But with Broadway it's still this huge no-no. Ridiculous.

    I recently saw 110 in the Shade on Broadway - with Audra McDonald in the lead - and the character has 2 brothers - and one was a white actor, one a black - and the actor playing her father (John Cullum) was white. Of course it was originally written for an all-white cast, but that doesn't matter - or it shouldn't. it was never mentioned, it wasn't a "gimmick" - you just accepted it.

    It really felt (even with the Broadway-level production values) a little bit like community theatre - with that friendly egalitarian casting.

  8. Boy it's true. Sometimes Broadway really could learn a lot from community and school theatre. I love that 110 in the Shade did that.

    And BTW, I got choked up writing my first comment thinking about that little girl doing the "Because it is my name" part of the play. She really was exceptional. If I was speaking with my first wife I'd ask who it was (that sounds bad but it really isn't - it's just that we haven't spoken in years and it would be odd to call her up now and ask about that - I excel at over explaining myself in comments).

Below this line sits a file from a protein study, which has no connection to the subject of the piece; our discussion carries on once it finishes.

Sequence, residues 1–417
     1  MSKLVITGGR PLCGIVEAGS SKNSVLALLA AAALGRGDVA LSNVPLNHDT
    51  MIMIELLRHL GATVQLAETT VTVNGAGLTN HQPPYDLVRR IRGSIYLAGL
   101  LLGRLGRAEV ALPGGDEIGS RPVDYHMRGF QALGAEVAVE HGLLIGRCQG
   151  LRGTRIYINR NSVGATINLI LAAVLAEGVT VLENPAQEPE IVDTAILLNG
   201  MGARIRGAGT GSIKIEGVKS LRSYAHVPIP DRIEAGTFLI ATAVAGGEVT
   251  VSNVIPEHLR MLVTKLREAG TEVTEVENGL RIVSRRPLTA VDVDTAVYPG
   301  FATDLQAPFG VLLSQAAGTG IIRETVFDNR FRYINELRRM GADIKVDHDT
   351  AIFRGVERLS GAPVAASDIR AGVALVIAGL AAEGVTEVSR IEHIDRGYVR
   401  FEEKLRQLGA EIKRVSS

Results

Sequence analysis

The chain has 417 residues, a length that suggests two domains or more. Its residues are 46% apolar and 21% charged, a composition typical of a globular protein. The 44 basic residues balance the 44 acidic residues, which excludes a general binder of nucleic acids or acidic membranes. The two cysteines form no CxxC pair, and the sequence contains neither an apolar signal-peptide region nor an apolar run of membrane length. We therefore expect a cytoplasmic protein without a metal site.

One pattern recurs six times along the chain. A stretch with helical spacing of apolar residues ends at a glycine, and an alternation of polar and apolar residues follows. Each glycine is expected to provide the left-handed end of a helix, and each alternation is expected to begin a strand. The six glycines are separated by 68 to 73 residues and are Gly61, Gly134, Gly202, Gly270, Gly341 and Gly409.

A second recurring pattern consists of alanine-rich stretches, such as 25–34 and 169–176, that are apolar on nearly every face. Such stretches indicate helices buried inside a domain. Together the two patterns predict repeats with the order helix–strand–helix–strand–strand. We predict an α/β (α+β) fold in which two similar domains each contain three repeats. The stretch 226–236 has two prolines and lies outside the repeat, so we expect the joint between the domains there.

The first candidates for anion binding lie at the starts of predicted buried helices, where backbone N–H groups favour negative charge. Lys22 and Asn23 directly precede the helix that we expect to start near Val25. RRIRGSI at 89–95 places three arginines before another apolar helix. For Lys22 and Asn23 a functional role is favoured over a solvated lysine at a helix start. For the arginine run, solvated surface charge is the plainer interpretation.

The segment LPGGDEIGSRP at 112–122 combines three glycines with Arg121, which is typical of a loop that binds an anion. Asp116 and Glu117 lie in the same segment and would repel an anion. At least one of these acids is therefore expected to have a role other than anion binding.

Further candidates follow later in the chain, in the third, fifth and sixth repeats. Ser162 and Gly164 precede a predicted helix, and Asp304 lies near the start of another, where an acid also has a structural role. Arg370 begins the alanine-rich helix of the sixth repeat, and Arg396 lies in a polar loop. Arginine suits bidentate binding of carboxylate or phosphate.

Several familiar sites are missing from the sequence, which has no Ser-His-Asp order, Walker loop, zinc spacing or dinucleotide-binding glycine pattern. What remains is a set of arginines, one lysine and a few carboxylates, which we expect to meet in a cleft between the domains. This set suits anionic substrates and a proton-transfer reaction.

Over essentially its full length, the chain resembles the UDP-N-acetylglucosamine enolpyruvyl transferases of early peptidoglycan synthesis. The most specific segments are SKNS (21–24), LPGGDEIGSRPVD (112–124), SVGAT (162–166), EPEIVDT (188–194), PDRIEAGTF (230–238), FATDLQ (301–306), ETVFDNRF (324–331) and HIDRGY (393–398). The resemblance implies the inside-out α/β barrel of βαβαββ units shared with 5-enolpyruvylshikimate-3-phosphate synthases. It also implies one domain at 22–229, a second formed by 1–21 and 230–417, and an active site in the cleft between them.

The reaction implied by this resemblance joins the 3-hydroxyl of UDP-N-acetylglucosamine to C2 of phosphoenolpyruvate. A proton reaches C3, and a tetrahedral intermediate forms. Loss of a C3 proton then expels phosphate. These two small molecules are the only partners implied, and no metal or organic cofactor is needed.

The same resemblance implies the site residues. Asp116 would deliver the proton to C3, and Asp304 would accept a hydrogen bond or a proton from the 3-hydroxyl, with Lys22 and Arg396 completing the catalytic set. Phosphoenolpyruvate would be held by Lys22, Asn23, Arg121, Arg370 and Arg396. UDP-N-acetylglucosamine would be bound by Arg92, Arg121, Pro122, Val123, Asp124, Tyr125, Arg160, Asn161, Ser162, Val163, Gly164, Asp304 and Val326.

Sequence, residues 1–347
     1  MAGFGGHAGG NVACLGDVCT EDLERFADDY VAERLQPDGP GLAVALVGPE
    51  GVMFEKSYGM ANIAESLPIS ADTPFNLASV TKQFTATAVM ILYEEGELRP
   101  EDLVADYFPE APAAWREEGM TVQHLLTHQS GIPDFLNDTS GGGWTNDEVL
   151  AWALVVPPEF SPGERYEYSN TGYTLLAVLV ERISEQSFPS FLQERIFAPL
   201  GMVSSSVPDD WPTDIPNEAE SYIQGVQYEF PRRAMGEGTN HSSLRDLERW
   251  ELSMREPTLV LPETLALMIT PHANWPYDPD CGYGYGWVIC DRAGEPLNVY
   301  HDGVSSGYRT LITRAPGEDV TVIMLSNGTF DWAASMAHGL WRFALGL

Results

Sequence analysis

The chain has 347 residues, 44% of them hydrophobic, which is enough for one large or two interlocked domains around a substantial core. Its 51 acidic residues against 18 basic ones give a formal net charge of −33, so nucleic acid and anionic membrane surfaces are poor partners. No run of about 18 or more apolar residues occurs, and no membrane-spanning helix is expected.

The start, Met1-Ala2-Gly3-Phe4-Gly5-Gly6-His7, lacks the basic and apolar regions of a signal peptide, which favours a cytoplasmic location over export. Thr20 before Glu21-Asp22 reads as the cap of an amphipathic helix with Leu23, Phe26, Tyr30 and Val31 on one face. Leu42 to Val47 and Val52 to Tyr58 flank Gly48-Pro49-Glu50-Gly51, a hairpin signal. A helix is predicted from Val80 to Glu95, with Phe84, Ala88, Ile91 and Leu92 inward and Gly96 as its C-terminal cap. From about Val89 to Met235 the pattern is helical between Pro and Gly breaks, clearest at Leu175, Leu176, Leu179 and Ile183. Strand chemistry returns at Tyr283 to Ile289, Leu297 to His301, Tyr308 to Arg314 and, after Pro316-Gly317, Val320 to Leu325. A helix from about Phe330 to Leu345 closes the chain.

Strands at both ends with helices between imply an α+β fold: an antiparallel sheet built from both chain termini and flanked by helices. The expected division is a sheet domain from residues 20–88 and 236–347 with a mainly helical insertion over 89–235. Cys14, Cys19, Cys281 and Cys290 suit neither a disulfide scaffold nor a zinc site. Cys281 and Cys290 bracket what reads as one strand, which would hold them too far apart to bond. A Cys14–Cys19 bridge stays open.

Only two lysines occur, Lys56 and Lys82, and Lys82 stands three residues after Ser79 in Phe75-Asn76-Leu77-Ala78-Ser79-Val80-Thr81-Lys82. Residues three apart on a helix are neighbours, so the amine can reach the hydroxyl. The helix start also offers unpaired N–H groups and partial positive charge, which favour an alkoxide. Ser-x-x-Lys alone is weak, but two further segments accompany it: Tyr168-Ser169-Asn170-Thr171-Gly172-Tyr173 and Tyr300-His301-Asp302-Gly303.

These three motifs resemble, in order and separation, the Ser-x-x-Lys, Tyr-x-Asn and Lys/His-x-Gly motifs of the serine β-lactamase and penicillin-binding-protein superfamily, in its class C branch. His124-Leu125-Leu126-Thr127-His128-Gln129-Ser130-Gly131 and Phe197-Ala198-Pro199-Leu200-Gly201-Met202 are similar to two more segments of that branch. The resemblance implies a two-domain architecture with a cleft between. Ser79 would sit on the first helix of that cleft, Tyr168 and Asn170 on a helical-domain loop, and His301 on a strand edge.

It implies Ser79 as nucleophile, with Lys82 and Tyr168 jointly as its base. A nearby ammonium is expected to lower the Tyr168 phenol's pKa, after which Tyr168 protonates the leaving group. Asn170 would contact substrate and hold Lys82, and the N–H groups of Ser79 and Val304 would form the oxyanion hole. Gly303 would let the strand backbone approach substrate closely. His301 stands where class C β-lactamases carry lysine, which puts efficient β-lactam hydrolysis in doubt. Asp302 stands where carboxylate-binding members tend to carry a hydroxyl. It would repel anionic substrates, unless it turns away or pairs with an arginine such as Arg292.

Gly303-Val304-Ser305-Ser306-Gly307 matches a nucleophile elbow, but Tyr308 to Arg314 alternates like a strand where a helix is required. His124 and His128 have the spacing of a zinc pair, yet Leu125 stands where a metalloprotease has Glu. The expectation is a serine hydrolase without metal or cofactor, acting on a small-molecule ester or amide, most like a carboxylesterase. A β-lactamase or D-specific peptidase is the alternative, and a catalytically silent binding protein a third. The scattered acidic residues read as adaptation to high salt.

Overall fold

9. Marisa- this is lovely.
    "We know it's just community theater."
    But that doesn't stop anyone. I'm a costumer- my youngest was still on their mailing list and I answered an audition call for that job. I was trepidatious, and had my little portfolio of previous work with me, which no one seemed too concerned about. But they gave me the job.
    ("Ohmigosh," the high school director guffawed later. "You walked in the door and volunteered- of course they wanted you!")
    My family sees the hard work and the anxiety and the endless running around and the trips out to the theater as a hardship for me. It's so difficult to express to them how satisfying it is to solve a technical or design problem and to collaborate to create a production that hangs together visually or to see your work help an actor's performance be the best it can be.

    I think Sheila is right- there's something about doing this with other people just because you want to that is not available elsewhere. I love it so very much.

  10. Oh! I have had that conversation! People come in all timid and say they haven't done theater in a long time or they never have and they were interested in volunteering to maybe do something..."